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A term derived from the Latin suicidium, meaning the taking of one's own life. In the broadest sense it is applied to any voluntary act by which one causes his own death. In the strictest moral sense it means an unlawful moral act, positive or negative, by which one directly causes his own death.

One can cause his own death voluntarily either by a positive act of self-destruction or by refusing or neglecting to do something known to be necessary for the preservation of one's life. The difference between a positive act and an omission is notable from a physical point of view, but it is of little moral consequence. To fail to do something physically and morally necessary to the preservation of life is the moral equivalent of a positive act of self-destruction. A man who bleeds to death because he will not close an open artery is no less a suicide than one who opens an artery with the intent of taking his own life.

Morality. Catholic moralists are generally agreed that direct suicide is intrinsically evil, and they hold therefore that no circumstances can ever justify it. Examples of suicide in cases in which its malice is less apparent have been the subject of much discussion. Samson's deed as recorded in Jgs 16.2930 and that of Eleazar as recorded in 1 Mc 6.46 would seem to be examples of indirect rather than direct suicide, although the distinction between the two was not clearly drawn by older authors who found difficulty in explaining the incidents. The deaths of Saul and Ahithophel (1 Sm 31.26 and 2 Sm 17.23) are recorded in the Scriptures without comment, and there is no need to justify them. The same is true of the suicide of Razis (2 Mc 14.4146); although the incident is narrated sympathetically, it is possible to regard suicide as an objectively wicked thing, but committed in inculpable ignorance of its malice.

If suicide is intrinsically evil, God could not command it, and it is not true, as some have alleged, that direct suicide is permissible if it is committed in response to a special inspiration of God, the Lord of life and of death. This is a solution proposed by some to explain the suicides of certain holy virgins, venerated as saints and martyrs, who killed themselves in defense of their virtue. However, virtue can be adequately defended by other means than suicide, and a person who is forcibly violated does not, on that account, lose her or his virtue. Surrendering One's Life. It is important to distinguish between the willing surrender of one's life and the deliberate taking of it. It has been common for some writers to refer to the former as indirect suicide and to apply the principle of double effect to justify it as in cases when a person knowingly gives up his life in the pursuit of some good end or to prevent some grave wrong. Examples are the soldier who throws himself on a hand grenade to protect those around him, the truck driver who chooses to steer his vehicle over a precipice to avoid a collision with a school bus, the action of St. Maximillian kolbe who volunteered to take the place of a fellow prisoner who was sentenced to be executed, or an individual who dies on a hunger strike as part of a non-violent response to social injustice. More and more, writers avoid speaking of indirect suicide because such actions reflect neither the true nature of suicide as a choice to end one's life, nor an appropriate application of the principle of double effect. Rather, these examples embody the supreme charity of willingly sacrificing one's life for others in imitation of him who taught that there is no greater love than to lay down one's life for one's friends (Jn 15, 13).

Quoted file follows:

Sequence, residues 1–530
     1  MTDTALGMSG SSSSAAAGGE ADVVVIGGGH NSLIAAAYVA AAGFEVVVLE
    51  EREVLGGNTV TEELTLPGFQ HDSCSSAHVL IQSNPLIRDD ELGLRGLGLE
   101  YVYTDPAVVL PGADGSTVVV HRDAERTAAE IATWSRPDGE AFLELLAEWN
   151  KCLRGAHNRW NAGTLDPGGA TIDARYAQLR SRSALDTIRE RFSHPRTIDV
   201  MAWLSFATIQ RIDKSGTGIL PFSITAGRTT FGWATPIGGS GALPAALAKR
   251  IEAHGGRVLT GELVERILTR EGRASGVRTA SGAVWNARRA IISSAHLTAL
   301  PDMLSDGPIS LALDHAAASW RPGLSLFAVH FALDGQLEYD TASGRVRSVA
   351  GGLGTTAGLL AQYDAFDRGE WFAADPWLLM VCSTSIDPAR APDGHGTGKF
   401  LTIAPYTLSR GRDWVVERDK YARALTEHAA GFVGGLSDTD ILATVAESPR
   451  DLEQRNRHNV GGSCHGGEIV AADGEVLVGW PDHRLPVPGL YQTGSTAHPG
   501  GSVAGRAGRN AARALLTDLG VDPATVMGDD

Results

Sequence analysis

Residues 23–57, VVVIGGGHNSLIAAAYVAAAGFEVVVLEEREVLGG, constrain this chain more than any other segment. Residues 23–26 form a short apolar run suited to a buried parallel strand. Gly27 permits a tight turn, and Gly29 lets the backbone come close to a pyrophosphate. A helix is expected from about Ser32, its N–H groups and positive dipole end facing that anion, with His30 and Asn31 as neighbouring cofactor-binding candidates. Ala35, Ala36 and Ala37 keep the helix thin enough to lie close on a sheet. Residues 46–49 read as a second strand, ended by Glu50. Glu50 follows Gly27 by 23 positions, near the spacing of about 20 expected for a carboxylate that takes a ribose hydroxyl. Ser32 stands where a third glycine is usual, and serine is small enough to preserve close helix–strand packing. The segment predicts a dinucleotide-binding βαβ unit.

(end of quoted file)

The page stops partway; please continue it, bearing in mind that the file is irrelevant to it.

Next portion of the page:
Pastoral Considerations. Although the 1917 Code of Canon Law denied ecclesiastic burial to individuals who committed suicide (c. 1240), the Church's pastoral attitude grew more lenient over time. While recognizing suicide is objectively ("materially") sinful, the culpability of the act depends on the state of mind of the individual. Illness or depression, for example, may diminish the person's freedom in acting. Great discretion is allowed the pastor in determining culpability, and in allowing the full rites of Christian burial.

Another question, both practical and urgent, that is difficult to resolve apart from knowing the particular requires concerns individuals engaged in guerilla activities, espionage, or other operations employed in modern warfare. If captured by the enemy, they may face the probability or even the certainty of interrogation under torture so artfully contrived that no one could be reasonably expected to endure it without breaking. People likely to be put in such a situation are not uncommonly given a capsule of poison to be used in case of capture. Can it be argued that a person, when captured under such circumstances, is on the point of becoming, in a material sense at least, an unjust aggressor against those whose secrets he possesses, and as such, may he be slain if there is no other way to control his aggression? Again, if an individual sees himself faced with the immediate prospect of becoming an aggressor in this way, can he legitimately take his own life? These and related questions require deep reflection and great sensitivity on the part of pastoral ministers.

See Also: euthanasia; health, care of.

Bibliography: thomas aquinas, Summa Theologiae 2a2ae, 64.5. m. p. battin, Ethical Issues in Suicide (Englewood Cliffs, N.J. 1982). a. salvatore, "Professional Ethics and Suicide: Toward an Ethical Typology," Ethics, Law, and Aging Review 6 (2000): 257-69.

[t. c. kane/

j. f. tuohey]

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